phantomfive writes "Language geeks might be interested in a recent study that suggests Turkey as the birthplace of the Indo-European language family. The Indo-European family is the largest, and includes languages as diverse as English, Russian, and Hindi. The New York Times made a pretty graph showing the spread."
Barence writes "The University of Cambridge has released a free 12-step online course on building a basic operating system for the Raspberry Pi. The course, Baking Pi — Operating Systems Development, was compiled by student Alex Chadwick during a summer interning in the school's computer lab, and has been put online to help this year's new recruits start work with the device. The university has already purchased a Raspberry Pi for every new Computer Science student starting in 2012."
First time accepted submitter oobayly writes "It appears that Bruce 'Die Hard' Willis isn't too impressed that he can't include his iTunes collection in his estate when he dies. According to the article: 'Bruce Willis, the Hollywood actor, is said to be considering legal action against Apple so he can leave his iTunes music collection to his three daughters.' Such a high profile individual complaining about the ability to own your digital music can only be a good thing, right?"
mikejuk writes "As well as buying up patents to defend itself against the coming Apple attack on Android, Google is also readying its own technology. It has extended its Patent Search facility to include European patents and has added a Prior Art facility. The new Prior Art facility seems to be valuable both to inventors and to the legal profession. In order to be granted a patent the inventor has to establish that it is a novel idea — and in the current litigious environment companies and their lawyers might want to show that patents should not have been granted."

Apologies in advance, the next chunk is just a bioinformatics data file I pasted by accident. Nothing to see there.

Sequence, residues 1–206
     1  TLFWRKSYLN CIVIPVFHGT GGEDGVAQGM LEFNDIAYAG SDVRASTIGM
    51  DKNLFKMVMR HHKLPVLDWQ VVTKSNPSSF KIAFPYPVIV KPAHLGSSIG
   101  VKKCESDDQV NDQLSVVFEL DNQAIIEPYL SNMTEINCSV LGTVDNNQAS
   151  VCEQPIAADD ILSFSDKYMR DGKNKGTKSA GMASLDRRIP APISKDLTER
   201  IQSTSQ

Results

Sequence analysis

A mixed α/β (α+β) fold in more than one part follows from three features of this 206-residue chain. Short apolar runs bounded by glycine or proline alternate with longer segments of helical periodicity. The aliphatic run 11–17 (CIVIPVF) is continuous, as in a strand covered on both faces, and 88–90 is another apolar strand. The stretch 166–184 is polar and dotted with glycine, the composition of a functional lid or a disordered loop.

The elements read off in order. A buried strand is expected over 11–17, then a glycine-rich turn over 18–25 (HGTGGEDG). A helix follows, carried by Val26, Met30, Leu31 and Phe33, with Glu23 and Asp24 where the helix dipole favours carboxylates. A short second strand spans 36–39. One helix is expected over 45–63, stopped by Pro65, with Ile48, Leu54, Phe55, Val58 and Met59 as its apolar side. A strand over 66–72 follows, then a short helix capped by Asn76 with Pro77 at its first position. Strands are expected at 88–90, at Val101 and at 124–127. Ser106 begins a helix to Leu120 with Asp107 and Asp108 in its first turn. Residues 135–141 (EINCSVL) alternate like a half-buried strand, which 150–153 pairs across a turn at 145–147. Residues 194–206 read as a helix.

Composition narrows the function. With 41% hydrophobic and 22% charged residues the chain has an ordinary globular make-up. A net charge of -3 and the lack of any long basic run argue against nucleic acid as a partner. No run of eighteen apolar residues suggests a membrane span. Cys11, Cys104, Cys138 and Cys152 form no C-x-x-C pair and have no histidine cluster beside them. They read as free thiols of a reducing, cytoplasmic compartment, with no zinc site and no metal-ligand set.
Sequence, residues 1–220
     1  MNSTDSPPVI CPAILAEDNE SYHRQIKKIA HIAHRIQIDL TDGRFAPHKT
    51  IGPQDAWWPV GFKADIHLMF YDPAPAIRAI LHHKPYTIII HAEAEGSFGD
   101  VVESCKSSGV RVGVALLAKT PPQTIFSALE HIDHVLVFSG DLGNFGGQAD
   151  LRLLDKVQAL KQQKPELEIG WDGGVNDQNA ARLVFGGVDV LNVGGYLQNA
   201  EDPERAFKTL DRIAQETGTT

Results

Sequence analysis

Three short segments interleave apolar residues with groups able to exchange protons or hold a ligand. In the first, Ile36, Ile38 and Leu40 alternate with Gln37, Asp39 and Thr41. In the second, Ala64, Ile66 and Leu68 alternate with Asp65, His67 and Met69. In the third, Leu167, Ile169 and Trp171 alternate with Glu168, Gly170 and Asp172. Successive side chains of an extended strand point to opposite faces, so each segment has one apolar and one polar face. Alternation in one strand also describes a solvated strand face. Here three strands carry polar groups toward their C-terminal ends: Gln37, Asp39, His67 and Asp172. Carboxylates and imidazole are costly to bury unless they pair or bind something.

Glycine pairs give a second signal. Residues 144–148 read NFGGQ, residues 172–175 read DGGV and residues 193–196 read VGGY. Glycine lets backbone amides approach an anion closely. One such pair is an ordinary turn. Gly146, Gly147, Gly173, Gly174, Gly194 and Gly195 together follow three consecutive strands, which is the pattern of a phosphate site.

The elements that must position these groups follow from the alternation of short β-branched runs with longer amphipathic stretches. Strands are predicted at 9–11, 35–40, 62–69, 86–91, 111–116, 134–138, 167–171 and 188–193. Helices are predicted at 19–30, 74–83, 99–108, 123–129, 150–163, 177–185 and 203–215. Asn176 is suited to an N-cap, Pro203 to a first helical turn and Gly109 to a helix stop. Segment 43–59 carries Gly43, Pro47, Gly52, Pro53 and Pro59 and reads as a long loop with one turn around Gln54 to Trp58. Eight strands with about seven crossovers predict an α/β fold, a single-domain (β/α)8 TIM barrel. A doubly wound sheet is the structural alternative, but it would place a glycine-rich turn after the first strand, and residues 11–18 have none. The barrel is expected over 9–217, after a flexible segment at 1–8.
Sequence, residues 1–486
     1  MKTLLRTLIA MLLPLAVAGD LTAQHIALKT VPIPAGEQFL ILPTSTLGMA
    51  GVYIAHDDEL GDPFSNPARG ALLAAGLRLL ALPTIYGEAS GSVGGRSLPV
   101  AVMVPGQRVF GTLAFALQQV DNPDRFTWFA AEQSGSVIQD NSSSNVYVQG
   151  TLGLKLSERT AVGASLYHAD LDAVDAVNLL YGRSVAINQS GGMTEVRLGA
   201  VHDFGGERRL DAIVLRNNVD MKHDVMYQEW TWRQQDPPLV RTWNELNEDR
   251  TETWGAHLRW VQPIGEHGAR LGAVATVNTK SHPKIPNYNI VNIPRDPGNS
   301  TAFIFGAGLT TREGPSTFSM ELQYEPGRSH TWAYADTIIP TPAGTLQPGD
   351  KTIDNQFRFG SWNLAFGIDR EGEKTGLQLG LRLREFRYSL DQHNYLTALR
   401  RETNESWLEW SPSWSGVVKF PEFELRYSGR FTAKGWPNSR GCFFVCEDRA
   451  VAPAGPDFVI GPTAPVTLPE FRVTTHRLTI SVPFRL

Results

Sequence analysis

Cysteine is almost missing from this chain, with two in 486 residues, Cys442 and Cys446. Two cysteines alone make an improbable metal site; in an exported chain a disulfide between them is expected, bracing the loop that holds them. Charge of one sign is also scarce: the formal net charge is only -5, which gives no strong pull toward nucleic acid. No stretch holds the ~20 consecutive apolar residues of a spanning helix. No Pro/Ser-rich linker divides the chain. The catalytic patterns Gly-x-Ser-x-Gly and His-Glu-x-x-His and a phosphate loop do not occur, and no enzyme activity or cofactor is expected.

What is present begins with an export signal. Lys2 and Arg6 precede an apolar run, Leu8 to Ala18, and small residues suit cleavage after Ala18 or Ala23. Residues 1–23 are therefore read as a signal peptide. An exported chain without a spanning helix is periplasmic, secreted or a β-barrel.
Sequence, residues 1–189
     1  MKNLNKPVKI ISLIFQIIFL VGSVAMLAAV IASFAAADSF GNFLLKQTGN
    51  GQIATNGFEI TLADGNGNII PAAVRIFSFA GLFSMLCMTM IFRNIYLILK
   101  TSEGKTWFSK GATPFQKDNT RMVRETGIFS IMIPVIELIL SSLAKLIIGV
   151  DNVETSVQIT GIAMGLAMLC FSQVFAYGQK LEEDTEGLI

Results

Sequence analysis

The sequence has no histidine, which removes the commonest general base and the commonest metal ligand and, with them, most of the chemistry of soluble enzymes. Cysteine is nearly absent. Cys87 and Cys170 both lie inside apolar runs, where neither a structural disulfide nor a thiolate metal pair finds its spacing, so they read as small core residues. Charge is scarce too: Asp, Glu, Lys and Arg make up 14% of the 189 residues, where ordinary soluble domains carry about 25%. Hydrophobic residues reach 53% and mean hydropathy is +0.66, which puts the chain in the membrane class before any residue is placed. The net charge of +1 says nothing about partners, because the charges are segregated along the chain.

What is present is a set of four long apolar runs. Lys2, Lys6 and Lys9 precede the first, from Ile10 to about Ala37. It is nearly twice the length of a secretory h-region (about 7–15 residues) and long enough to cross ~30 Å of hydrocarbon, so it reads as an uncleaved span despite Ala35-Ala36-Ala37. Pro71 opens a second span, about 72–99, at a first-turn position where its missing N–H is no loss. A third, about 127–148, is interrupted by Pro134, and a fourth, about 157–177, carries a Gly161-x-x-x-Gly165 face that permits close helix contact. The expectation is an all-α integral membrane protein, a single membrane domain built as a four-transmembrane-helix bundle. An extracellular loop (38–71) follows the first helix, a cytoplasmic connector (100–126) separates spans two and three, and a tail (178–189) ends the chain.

An anonymous reader writes in with a story about MIT's work on space suits to be used by Mars astronauts. "When we send the first humans to Mars we will need to get the most scientific data in the smallest amount of time while not exhausting our astronauts in the process. Dava J. Newman has been working on a 'biosuit' that's designed to do just that....Dava’s suit would be a huge leap forward in terms of construction as well. They’ve enlisted the expertise of Dainese, an Italian manufacturer of motorcycle racing 'leathers'—leather and carbon-fiber suits designed to protect racers traveling at up to 200 mph. The suit would be a degree safer than current space suits. While a puncture or scrape in a traditional space suit would cause a dramatic decrease in pressure and would be traumatic, even deadly, the 'biosuit' could be patched with a high-tech ace bandage. The wearer would wrap it around the punctured area to stop the leak almost instantly. Pressure loss would be minimal and the astronaut would be able to continue working and finish his or her task. "